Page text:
Mitigate before you litigate

If a party to a contract fails to live up to its commitments, it is in breach

of the contract. Generally, the breaching party must compensate the innocent

party for any resulting damages it suffers.

When a person or organization is injured by a breach of contract, it

doesn't seem to make sense that the innocent party should have to take action

for the benefit of the party responsible for the breach.

However, for the innocent party to claim compensation for unfilled contractual

obligations, frequently it first must take action to minimize, or mitigate,

the extent of those damages. Failure to take timely action to mitigate the

consequences of the other party's breach may significantly limit the innocent

party's right to recover damages.

Under the Uniform Commercial Code, when a contract for the sale of goods

is breached by the seller, the buyer's right to claim damages for the consequences

of that breach may be limited unless the buyer has obtained "cover" for

the breach by acquiring replacement goods.

Conversely, when a contract for the sale of goods is breached by the

buyer, the seller may be required to mitigate its damages by reselling the

items to another buyer. In both cases, the non-breaching party is expected

to minimize the potential damages resulting from the breach.

The same thing is true for contracts involving services. When a contracting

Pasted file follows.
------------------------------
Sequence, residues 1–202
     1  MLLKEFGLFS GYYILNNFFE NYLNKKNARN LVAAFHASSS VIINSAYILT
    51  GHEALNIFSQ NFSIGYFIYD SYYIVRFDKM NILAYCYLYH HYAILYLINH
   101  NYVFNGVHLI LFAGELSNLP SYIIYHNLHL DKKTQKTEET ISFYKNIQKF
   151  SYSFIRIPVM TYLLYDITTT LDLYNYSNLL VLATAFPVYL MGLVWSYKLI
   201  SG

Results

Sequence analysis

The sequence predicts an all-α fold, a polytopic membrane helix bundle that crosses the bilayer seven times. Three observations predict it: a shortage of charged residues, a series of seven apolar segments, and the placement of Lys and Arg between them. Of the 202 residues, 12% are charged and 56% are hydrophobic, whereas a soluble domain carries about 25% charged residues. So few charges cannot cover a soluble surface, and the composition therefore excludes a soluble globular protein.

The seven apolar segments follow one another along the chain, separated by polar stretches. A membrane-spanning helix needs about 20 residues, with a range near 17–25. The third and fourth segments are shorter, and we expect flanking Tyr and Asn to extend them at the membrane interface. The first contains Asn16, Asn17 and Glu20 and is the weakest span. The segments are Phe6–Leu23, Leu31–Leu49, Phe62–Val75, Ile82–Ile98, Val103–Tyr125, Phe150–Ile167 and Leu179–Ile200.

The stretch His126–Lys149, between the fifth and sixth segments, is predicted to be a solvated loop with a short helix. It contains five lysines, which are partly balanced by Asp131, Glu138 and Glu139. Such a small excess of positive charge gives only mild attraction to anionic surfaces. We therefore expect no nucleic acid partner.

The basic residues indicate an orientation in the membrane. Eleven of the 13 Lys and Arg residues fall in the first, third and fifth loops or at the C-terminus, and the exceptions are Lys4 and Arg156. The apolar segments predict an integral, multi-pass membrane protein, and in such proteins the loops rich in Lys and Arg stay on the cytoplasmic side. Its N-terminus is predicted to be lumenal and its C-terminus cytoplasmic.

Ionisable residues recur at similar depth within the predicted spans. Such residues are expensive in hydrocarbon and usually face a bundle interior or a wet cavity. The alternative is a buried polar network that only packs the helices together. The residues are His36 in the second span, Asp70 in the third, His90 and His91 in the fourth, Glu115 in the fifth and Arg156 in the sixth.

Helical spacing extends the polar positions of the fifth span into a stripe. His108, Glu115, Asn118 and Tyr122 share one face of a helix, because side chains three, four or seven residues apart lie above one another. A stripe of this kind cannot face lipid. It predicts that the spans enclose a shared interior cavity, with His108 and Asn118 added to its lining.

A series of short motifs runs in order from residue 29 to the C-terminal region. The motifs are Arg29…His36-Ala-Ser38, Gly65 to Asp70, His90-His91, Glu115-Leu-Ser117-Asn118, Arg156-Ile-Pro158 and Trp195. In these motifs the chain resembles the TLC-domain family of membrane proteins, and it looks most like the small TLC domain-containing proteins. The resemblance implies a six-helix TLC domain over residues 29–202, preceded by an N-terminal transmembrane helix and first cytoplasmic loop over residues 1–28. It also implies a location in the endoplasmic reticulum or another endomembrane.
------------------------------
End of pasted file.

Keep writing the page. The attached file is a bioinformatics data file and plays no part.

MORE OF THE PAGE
party is aware of an alleged breach, it must take timely action, or it may

lose its right to complain. As stated in Ling-Temco-Vought Inc. v. United

States, "One side cannot continue after a material breach by the other...to

act as if the contract remains fully in force (although stopping performance

would be fair and convenient), run up damages and then go suddenly to court."

The rule is just as applicable when the government is a party to the

contract. For example, in Maizel Laboratories Inc., the Armed Services Board

of Contract Appeals disallowed an agency's attempt to revoke its acceptance

of allegedly nonconforming items, based on the contractor's alleged failure

to follow applicable quality-control procedures, because the agency had

been aware of the contractor's procedures during performance.

According to the board, "when the government with full knowledge of

a contractor's quality-control procedure permits the contractor to perform

the contract in accordance with such procedure, this results in a waiver

of any objections the government might otherwise have raised."

Clearly, when a contract is breached, it is wise to consider first any

need to mitigate before considering whether to litigate.

Peckinpaugh is corporate counsel for DynCorp, Reston, Va., and formerly

a member of the government contracts section for Winston & Strawn, Washington, D.C.

MORE INFO

Ling-Temco-Vought Inc. v. United States, 475 F.2d 630 (Ct. Cl. 1973)

Maizel Laboratories Inc., ASBCA No. 8597, 1963 BCA : 3898.

See also Uniform Commercial Code :: 2-706 (resale); 2-712 (cover).

BY Carl Peckinpaugh
Feb. 21, 2000

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